Charité strengthens research on alternatives to animal testing
Animal testing is a common part of research on diseases. Charité – Universitätsmedizin Berlin is now supporting ten new projects, each pursuing one of three aims: using human tissue to develop alternative models, reducing the number of laboratory animals used, or improving conditions for lab animals. The projects align with the principle of the “3Rs”: replacing animal testing, reducing the number of animals used in research, and refining the conditions under which animals are kept to improve their welfare and reduce suffering. The projects are receiving a total of 1.3 million euros in funding, in most cases for a two-year term.
“Animal experimentation remains one of the key methods used in biomedical research at Charité,” says Professor Joachim Spranger, Dean of Charité. “For that reason, but also based on fundamental considerations relating to the lack of reproducibility of some experimental animal studies in human subjects, we at Charité feel a particular sense of duty to forge ahead with the search for new experimental methods and models and make every effort to improve animal testing where it is necessary and reduce and replace this testing wherever possible. The new research projects we have launched cut clear across the diverse research landscape involved in university medicine in Berlin and highlight the many different avenues and needs for further development of the 3Rs principles at Charité.”
“We will need very broad-based support initiatives and great staying power to develop new research methods that lead to better treatments for humans while at the same time potentially reducing animal testing,” says Professor Stefan Hippenstiel, Spokesperson for Charité 3R. “That’s why we’re delighted to be able to provide sustained support for some of the many research projects in this field and further reinforce this development.”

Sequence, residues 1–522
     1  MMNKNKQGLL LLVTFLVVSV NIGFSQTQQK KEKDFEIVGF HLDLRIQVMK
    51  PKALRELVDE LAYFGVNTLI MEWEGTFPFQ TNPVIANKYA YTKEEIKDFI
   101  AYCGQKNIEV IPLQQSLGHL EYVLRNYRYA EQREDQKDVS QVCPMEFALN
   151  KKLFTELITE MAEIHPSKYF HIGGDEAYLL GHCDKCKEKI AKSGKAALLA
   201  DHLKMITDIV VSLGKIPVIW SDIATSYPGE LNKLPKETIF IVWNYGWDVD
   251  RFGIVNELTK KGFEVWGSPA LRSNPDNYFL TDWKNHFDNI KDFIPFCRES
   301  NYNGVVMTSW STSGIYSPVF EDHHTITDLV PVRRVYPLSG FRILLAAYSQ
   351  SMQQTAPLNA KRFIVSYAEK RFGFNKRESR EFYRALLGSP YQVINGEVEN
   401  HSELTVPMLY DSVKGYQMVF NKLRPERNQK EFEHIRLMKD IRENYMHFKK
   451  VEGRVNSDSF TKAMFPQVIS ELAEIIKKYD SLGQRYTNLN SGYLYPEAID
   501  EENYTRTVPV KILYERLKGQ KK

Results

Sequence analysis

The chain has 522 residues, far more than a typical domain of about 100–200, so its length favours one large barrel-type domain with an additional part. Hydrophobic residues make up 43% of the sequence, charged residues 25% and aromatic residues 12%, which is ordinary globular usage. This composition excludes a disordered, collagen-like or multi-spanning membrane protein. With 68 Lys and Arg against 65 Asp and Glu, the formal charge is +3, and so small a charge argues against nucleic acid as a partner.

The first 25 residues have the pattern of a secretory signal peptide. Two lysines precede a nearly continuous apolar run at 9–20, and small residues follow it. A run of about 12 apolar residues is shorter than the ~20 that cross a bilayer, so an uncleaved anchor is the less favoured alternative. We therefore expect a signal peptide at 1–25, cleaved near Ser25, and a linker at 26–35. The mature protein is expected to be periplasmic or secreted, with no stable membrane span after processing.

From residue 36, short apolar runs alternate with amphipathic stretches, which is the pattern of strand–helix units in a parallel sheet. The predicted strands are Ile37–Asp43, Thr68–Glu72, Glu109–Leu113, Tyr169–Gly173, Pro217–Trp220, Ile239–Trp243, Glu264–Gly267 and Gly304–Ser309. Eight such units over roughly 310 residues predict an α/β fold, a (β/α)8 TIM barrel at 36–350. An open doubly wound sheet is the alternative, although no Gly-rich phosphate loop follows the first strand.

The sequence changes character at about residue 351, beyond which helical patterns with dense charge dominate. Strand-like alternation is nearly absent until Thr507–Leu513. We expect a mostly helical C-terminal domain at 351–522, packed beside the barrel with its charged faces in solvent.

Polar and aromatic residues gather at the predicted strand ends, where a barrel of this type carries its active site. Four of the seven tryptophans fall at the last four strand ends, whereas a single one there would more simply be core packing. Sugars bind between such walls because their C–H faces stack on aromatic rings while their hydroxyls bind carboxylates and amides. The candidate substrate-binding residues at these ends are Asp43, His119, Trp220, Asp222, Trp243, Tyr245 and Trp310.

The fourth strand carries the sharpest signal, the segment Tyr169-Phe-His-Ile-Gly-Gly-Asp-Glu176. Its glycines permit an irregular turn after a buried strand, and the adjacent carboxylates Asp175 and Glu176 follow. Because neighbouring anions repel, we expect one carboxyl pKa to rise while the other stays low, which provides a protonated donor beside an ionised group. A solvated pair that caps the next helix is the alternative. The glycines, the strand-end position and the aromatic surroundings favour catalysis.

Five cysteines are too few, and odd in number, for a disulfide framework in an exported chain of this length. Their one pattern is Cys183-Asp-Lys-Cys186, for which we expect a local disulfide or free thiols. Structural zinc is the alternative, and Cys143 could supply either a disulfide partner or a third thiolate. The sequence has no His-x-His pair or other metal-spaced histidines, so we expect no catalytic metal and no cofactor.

The ten projects receiving support were selected from a large number of applications in an independent scientific review process. The calls for tenders and the review process were coordinated by Charité 3R, a center that provides extensive support for the implementation of the 3Rs principle at Charité beyond the level required by law. The 3R research conducted at Charité goes beyond merely enhancing animal welfare, aiming to improve the translation of biomedical research findings to humans while also maximizing the animals’ wellbeing.
One of the new research projects in the area of reduction involves using “wildling” mice, for example. Conventional lab mice are generally kept in environments with few germs, while humans and animals living “in the wild” host a much more complex group of microorganisms. This microbiome plays an important role in health and the emergence of diseases. The researchers’ aim in the wildling project is to study whether lab mice with a natural microbiome are more suitable for investigating disease mechanisms and developing new treatments as compared to conventional lab mice. A broad spectrum of relevant diseases, including viral infections, Alzheimer’s disease, cancer, and stroke, will be studied to answer this question. The researchers expect that research on wildling mice will be an effective way to identify new treatments, thereby contributing to a long-term reduction in animal testing.